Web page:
Scottish slang for crying or weeping.

"Stop yer greetin ye stoopit wee eidjit!"

Greet (?), a.

Great.

[Obs.]

Chaucer.

 

© Webster 1913.


Greet, v. i. [OE. greten, AS. gr?tan, gr?lan; akin to Icel. grata, Sw. gi?ta, Dan. gr?de, Goth. gr?ctan; cf. Skr. hr?d to sound, roar. &root;50.]

To weep; to cry; to lament.

[Obs. or Scot.] [Written also greit.]

Spenser.

 

© Webster 1913.


Greet, n.

Mourning.

[Obs.]

Spenser.

 

© Webster 1913.


Greet, v. t. [imp. & p. p. Greeted; p. pr. & vb. n. Greeting.] [OE. greten, AS. gr?tan to address, approach; akin to OS. grtian, LG�x3e; groten, D. groeten, OHG. gruozzen, G. grussen. &root;50.]

1.

To address with salutations or expressions of kind wishes; to salute; to hail; to welcome; to accost with friendship; to pay respects or compliments to, either personally or through the intervention of another, or by writing or token.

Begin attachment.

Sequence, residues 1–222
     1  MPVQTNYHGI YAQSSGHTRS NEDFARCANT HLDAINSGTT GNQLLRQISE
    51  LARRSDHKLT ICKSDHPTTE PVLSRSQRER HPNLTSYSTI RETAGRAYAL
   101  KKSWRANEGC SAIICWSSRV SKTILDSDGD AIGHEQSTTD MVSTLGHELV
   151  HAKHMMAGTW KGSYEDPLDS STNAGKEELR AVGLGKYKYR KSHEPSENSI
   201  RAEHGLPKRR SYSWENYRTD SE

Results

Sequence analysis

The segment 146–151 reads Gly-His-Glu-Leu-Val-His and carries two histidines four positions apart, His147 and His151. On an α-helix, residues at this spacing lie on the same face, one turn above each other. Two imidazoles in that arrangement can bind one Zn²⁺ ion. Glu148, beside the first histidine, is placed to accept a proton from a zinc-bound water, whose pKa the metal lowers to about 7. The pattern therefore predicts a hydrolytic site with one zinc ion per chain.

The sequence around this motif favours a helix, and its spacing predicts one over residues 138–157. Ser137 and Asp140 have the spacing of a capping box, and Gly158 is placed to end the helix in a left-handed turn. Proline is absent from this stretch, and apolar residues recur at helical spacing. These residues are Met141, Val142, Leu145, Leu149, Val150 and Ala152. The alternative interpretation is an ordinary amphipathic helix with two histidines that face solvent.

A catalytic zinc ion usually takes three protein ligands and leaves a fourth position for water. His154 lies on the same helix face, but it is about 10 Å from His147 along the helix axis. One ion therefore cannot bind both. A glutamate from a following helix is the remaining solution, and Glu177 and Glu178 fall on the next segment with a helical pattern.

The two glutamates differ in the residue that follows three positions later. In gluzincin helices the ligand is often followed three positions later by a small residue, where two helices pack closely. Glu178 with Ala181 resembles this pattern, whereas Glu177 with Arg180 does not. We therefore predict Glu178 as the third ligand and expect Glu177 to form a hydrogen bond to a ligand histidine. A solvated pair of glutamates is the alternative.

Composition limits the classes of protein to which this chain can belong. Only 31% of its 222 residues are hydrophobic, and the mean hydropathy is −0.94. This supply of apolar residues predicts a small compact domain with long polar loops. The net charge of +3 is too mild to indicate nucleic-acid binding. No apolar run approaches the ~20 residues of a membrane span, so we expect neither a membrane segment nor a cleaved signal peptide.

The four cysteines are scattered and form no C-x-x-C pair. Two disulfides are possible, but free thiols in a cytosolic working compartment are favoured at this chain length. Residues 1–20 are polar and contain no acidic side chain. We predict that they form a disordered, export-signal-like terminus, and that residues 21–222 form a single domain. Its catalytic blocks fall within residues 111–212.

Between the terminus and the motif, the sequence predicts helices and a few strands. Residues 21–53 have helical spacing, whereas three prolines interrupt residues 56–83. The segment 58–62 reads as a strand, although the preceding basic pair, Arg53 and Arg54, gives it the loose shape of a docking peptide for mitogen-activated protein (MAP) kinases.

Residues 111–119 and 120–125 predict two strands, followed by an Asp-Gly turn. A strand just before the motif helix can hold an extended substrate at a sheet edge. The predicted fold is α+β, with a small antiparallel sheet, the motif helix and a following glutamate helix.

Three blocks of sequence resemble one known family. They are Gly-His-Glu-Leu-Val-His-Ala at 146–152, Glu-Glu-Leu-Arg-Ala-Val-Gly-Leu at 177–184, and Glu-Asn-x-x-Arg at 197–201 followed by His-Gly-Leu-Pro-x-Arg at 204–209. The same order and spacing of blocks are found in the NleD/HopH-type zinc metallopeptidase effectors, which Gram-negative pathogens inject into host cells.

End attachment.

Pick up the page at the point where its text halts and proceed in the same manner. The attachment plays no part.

My lord, the mayor of London comes to greet you. Shak.

2.

To come upon, or meet, as with something that makes the heart glad.

In vain the spring my senses greets. Addison.

3.

To accost; to address.

Pope.

<-- p. 650 Needs proof-reading . . . the etymologies and other italics are not marked -->

 

© Webster 1913.


Greet (?), v. i.

To meet and give salutations.

There greet in silence, as the dead are wont, And sleep in peace. Shak.

 

© Webster 1913.


Greet, n.

Greeting.

[Obs.]

F. Beaumont.

 

© Webster 1913.

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